If Jesus, during His earthly life, was tempted in all the ways in which we are tempted, might not that have included the temptation that comes with being made fun of for how we look? This does not really tell us anything about His height, but it does tend to support the idea that Jesus was not especially physically attractive. We know from the Gospel records that He was not a wimp, but He was gentle. Great stature (height or size) is usually associated in the Bible – especially in the Old Testament – with sin or great wickedness. (See Genesis 6:4-5; Numbers 13:30-32; I Samuel 17:4.)

These are only clues at best, but it seems that there was nothing glaring or especially attractive about Jesus’s physical appearance.

For he shall grow up before him as a tender plant, and as a root out of a dry ground: he hath no form nor comeliness; and when we shall see him, there is no beauty that we should desire him. He is despised and rejected of men; a man of sorrows, and acquainted with grief: and we hid as it were our faces from him; he was despised, and we esteemed him not.

Isaiah 53:2-3 (emphasis added)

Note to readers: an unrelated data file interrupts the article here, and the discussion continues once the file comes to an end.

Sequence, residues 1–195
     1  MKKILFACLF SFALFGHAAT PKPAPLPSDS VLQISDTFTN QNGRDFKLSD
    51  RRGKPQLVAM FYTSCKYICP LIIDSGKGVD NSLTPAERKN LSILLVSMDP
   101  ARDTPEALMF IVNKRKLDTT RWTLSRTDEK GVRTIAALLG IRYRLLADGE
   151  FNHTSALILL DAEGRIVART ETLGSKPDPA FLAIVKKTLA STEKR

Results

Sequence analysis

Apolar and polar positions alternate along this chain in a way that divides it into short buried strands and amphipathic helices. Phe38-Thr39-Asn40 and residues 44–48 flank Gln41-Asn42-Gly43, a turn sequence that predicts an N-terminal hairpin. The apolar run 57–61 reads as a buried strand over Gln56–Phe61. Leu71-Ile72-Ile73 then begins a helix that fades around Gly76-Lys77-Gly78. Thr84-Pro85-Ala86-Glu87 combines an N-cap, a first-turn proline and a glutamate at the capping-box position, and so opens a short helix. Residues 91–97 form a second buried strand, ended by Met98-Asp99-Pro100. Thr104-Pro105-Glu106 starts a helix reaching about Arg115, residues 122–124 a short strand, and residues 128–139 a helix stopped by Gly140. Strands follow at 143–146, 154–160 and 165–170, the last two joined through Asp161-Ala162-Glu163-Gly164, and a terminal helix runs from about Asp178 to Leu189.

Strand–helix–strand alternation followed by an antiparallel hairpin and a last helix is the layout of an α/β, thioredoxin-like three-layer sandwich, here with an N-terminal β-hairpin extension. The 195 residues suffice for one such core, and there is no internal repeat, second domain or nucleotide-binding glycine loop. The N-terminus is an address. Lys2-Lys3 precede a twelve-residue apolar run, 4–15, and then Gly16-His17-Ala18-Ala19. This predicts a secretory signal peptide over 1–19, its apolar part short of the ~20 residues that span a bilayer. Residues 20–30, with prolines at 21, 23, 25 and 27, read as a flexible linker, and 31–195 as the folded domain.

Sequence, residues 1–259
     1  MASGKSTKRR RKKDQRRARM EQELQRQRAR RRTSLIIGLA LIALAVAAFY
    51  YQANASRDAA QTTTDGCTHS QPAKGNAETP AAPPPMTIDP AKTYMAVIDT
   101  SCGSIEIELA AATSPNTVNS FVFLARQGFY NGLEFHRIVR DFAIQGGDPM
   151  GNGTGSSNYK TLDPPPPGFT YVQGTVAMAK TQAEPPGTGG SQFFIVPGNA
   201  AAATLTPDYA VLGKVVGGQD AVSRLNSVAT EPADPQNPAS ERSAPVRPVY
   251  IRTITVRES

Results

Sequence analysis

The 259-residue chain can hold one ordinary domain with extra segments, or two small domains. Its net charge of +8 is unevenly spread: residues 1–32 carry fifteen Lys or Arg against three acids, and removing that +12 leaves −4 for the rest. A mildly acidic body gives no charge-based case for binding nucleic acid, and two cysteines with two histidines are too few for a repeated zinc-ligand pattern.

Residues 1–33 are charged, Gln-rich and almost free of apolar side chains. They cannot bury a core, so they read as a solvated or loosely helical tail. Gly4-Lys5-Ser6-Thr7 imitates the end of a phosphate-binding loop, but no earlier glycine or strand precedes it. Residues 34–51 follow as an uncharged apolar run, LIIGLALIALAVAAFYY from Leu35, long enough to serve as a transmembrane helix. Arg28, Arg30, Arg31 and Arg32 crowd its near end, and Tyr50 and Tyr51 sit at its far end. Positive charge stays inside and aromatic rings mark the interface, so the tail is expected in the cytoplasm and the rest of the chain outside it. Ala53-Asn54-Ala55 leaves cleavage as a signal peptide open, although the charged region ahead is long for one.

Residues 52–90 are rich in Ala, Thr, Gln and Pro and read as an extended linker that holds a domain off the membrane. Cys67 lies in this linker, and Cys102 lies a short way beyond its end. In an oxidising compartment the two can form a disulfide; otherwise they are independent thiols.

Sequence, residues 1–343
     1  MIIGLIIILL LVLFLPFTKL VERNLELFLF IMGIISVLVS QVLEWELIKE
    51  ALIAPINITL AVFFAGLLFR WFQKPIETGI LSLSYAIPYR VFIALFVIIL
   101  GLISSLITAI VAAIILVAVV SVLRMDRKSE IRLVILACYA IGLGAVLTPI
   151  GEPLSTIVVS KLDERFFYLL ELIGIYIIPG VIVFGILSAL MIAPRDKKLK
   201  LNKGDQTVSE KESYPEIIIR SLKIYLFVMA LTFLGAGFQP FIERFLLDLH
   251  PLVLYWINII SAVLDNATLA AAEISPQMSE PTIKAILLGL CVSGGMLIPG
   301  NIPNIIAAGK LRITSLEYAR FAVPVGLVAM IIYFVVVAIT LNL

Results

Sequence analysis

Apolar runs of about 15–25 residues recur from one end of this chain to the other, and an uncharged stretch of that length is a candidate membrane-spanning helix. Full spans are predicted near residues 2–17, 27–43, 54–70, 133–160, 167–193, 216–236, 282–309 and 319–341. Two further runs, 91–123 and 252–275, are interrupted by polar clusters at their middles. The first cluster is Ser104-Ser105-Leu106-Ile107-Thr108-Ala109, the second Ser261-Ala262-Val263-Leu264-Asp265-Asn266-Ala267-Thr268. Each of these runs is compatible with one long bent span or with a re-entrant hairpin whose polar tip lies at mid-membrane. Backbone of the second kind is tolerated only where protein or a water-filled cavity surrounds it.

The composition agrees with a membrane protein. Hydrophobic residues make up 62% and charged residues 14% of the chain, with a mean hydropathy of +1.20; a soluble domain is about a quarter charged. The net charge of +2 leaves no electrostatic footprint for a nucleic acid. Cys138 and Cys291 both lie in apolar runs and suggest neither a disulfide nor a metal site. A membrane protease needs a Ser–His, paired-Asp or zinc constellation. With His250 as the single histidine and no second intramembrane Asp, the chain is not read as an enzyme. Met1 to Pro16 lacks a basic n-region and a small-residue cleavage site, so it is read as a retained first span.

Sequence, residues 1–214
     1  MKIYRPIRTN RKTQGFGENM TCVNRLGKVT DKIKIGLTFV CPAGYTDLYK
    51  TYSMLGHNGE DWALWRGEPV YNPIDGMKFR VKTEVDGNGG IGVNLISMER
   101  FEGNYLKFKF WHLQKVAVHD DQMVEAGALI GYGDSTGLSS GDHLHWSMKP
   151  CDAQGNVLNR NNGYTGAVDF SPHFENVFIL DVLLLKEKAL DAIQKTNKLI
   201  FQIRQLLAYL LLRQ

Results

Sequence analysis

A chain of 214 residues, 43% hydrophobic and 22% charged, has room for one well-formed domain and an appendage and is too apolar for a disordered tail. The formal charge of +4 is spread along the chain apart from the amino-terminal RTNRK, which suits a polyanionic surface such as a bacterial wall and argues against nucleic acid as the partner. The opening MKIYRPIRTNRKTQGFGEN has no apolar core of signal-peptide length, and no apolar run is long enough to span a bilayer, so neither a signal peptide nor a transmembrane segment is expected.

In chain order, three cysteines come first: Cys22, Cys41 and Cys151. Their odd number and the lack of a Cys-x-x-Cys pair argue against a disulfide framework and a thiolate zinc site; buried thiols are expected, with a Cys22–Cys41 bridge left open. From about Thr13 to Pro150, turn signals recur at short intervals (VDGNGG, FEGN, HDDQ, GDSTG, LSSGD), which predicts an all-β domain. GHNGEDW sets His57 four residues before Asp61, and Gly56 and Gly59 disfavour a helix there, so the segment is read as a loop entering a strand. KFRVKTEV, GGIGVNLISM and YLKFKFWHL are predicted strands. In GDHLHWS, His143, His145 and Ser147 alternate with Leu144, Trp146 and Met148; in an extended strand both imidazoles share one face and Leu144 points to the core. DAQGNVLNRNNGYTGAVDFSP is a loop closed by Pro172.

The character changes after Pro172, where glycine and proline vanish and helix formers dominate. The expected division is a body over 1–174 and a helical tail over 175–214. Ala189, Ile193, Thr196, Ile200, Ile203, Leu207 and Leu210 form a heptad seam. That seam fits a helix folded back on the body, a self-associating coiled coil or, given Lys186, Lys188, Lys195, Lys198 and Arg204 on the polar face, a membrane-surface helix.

Regardless of whether Jesus was tall or short according to the standards of His day, we know that God looks at men’s hearts more than their outward appearance. Jesus was a giant when it came to righteousness and love. He did not intimidate people with His physical size. He was “tall enough” to bear our sorrows, griefs, and sins and to nail them to His Cross.

While we don’t have a detailed description of the physical appearance of Jesus during His days on earth, we do have something of a description of how He will look when He returns to set things right once and for all:

His head and his hairs were white like wool, as white as snow; and his eyes were as a flame of fire; And his feet like unto fine brass, as if they burned in a furnace; and his voice as the sound of many waters.

Revelation 1:14-15

By the way, that explanation did not satisfy my friend who stayed after class to ask me about it, and I suppose he went down the road to another church where the preacher got “a rhema word from God” and told him without a doubt that Jesus was five foot eleven and a half. Oh well, you can’t win ’em all.

The True Shepherd Vs. The Evil Shepherd

May 3, 2010 at 10:27 am | Posted in Zechariah | 9 Comments
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In Chapter 10 Zechariah revealed the image of the flock and the evil shepherd.